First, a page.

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Disclosure Avoidance Techniques Used for the 1960 Through 2010 Census

ADRM-2020-007
Laura McKenna

Introduction

The U.S. Census Bureau conducts the decennial censuses under Title 13, U.S. Code, Section 9 mandate to not “use the information furnished under the provisions of this title for any purpose other than the statistical purposes for which it is supplied; or make any publication whereby the data furnished by any particular establishment or individual under this title can be identified; or permit anyone other than the sworn officers and employees of the Department or bureau or agency thereof to examine the individual reports (13 U.S.C. § 9 (2007)).” The Census Bureau applies disclosure avoidance (DA) techniques to its publicly released statistical products in order to protect the confidentiality of its respondents and their data.

Different DA procedures were used for the 1960, 1970, 1980, 1990, 2000, and 2010 decennial censuses’ Public Use Microdata Samples (PUMS). This paper summarizes these historical methods in order to put the ongoing DA modernization effort in context. This history of decennial census disclosure avoidance methods discusses only publicly acknowledged confidentiality edits as noted in official documentation. All of the information in this summary was taken from historical public sources, except as noted. None of the information in this paper is confidential.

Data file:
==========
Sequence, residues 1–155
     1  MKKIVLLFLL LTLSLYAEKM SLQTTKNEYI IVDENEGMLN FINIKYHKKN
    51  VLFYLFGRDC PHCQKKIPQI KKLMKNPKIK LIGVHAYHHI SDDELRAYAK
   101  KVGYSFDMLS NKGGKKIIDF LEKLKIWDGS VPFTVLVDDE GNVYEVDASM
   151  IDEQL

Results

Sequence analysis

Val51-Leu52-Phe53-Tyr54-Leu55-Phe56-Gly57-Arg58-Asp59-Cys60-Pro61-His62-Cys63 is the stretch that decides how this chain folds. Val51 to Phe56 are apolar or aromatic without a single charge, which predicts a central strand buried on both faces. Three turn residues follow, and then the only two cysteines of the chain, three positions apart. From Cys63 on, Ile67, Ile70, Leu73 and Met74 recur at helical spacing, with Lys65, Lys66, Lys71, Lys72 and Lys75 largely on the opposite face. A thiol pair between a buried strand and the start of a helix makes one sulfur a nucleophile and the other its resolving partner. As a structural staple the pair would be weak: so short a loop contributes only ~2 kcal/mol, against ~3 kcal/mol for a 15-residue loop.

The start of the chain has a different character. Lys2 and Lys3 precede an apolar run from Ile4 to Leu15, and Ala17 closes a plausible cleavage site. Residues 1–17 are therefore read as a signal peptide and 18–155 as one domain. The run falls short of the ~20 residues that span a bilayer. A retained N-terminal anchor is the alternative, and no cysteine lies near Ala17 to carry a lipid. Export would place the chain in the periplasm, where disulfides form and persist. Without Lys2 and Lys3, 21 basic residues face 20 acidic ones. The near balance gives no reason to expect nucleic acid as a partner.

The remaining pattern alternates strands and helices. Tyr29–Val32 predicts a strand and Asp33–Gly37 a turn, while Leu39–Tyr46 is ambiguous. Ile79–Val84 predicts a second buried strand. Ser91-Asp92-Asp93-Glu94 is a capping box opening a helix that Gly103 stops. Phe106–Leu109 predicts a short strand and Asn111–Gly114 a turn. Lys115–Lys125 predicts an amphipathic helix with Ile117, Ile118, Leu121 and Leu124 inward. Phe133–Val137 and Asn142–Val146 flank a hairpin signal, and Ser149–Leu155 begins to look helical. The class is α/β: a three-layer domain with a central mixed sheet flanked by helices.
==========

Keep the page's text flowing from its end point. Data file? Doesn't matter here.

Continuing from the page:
There is minimal public documentation of the disclosure avoidance methods used in the 1960 Census. There is no discussion of disclosure avoidance for group quarters (GQ) data in public or internal documents for the 1960, 1970, 1980, 1990, and 2000 Censuses, but the 2010 Census has an additional subsection for that purpose. This paper is focused on microdata files from the censuses. The American Community Survey (ACS) is out of scope.

This history gleans procedures from various types of PUMS that differed in terms of sample size, geographic thresholds, short-form (100 percent) data vs. long-form (sample data), and universe. All publications were based on both people in households and people in GQ.

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